Findings & discussion


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Findings & discussion

  1. 1. INTENTO Present and illustrate your findings. Make this section a completely objective report of the results,O Contrast or confirm your results with other studies or with what authors say about your study.
  2. 2. Remember!O 6 findings. At least 2 data per findingO Data= triangulation (methods or participants)O Discussion and findings : same chapter.O Discussion up to date - varied (depending on the topic 10 years).O Use past tense in findings
  3. 3. Title(interpretive) Description of the title Data- evidence Interpretation Discussion (with one author) LAYOUT
  4. 4. What is this?O Form of the text as an influential element in reading comprehensionO Student’s language abilities challenged by the CT tasks.O Participants broadened their theoretical foundations on ESP
  5. 5. What is this?
  6. 6. What is this?O As aforementioned, the nexus of critical tasks and the syllabus of the course was crucial for the design of materials and sessions. The fact that this study took place in an upper-intermediate class of English made it possible that tasks were fairly challenging so that they fit in relation to the language competences that students were supposed to develop by the end of the course.
  7. 7. What is this?O Because students chose most of the topics, they resulted attracting and encouraged the learners to mire in controversial discussions proving the objectiveness and different points of view of the individuals, all of these, opportunities for undergraduates to use the target language and compromise their HOTS so as to attain the goals of the tasks.
  8. 8. What is this?O Luisa: […] cuando estamos en los niveles más abajo […] a uno siempre lo ponen es del libro, entonces cuando tú haces una lectura es solamente sobre ese tema y tú te basas en tus respuestas de lo que leíste del tema y se acabó o el profesor dice lo correcto y se acabó, en cambio cuando hicimos la discusión tú tienes que buscar la manera de hacerte entender ante los demás, tú opinión, no solamente basado en lo que tú leíste, si no en tus vivencias, en lo posible, entonces eso lo forza a uno más todavía para expresarse con los demás.
  9. 9. What is this?ET1: when you say appropriate what does it mean? Inthis specific context because sometimes we can teachsomething that our students don’t needET1: I totally agree ‘cause when you say proficient that isa big word we’re not even proficient in our field ofknowledge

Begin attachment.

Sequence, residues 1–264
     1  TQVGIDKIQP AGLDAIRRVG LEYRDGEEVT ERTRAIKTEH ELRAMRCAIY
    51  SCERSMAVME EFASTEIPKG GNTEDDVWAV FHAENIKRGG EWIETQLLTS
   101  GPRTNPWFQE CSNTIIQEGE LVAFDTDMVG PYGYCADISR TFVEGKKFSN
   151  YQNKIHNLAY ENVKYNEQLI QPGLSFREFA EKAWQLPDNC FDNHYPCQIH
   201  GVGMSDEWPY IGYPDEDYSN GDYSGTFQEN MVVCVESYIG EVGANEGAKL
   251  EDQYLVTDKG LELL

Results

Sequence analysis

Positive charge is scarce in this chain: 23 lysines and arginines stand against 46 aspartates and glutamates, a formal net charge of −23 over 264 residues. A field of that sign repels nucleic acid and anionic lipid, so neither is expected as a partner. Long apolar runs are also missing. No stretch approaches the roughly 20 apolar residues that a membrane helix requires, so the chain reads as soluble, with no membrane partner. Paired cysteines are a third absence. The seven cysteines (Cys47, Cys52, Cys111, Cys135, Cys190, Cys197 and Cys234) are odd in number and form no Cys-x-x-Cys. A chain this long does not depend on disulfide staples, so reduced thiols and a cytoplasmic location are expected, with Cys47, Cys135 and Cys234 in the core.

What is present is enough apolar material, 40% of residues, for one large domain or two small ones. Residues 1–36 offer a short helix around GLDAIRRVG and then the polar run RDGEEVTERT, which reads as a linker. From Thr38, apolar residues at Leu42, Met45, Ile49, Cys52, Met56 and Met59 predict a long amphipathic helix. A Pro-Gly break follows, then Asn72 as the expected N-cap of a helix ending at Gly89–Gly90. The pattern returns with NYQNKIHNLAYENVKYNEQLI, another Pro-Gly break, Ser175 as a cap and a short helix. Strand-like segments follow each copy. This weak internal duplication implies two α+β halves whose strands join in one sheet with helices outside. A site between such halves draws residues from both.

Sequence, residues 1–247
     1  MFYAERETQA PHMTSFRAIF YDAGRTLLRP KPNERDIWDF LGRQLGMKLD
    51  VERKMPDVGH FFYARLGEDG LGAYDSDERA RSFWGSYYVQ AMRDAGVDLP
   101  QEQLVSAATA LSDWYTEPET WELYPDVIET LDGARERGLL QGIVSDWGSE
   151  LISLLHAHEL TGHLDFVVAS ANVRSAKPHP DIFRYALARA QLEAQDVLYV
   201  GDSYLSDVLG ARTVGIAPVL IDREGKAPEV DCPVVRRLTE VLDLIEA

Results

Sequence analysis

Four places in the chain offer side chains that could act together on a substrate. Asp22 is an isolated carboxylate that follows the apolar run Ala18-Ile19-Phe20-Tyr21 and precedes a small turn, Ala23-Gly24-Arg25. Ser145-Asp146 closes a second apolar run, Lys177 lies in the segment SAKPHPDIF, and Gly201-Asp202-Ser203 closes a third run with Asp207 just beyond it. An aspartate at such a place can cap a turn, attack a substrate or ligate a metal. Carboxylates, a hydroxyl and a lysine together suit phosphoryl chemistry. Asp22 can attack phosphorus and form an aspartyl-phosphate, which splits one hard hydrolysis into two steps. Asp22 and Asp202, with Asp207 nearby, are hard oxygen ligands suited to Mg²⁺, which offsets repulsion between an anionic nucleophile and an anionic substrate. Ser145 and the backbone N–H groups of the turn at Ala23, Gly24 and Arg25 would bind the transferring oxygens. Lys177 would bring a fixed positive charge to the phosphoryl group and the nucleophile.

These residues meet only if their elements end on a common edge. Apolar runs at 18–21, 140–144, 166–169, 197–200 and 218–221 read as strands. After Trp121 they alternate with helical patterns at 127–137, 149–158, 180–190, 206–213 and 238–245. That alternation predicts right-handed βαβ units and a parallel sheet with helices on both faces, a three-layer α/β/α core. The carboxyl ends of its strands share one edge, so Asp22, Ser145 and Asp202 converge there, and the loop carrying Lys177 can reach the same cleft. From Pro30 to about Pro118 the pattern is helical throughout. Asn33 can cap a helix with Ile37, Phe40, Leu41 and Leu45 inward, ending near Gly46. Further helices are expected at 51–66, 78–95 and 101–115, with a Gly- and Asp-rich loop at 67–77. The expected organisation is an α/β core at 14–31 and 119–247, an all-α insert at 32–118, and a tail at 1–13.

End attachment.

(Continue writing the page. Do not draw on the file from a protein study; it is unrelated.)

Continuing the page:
10. 10. What is this?O This extract of a motion paper exposes how a student’s writing skill was challenged by the task, the student had to be objective and the text had to contain a well elaborated structure.
  11. 11. What is this?O Provided that criticality is in its nature dependant on content for it to take place, cited in Kabilan (2000) from Mirman and Tishman (1998); there must be a link made to the subject matter, which in this study was the teaching/learning of English as a foreign language, for instance the content and tasks that were set to activate higher order thinking skills in the learners followed the aims of the upper-intermediate English course; the curricular goals and linguistic competence were addressed successfully as the essential objectives of the sessions.
  12. 12. Function and strength Example verbsNEUTRAL: verbs used to describe, show, reveal, study,say what the writer describesdemonstate, note, point out,in factual terms, indicate, report, observe,demonstrates, refers to, and assume, take intodiscusses, and verbs used to consideration, examine, goexplain his/her methodology. on to say that, state, believe (unless this is a strong belief), mention, etc.TENTATIVE: verbs used to suggest, speculate, intimate,say what the writer suggests hypothesise, moot, imply,or speculates on (without propose, recommend, positbeing absolutely certain). the view that, question the view that, postulate, etc.STRONG: verbs used to say argue, claim, emphasise,what the writer makes strong contend, maintain, assert,arguments and claims for. theorize, support the view that, deny, negate, refute, reject, challenge, strongly believe that, counter the view/argument that, etc.
  13. 13. no introduction to the The titles are notfindings interpretive Do not respondsection is too long research questionsData do not evidence Authors are givenwhat the finding more relevanceintends to revealData is not present the sameinterpreted data more than once.Provides suggestions Discussion andor recommendations finding do not match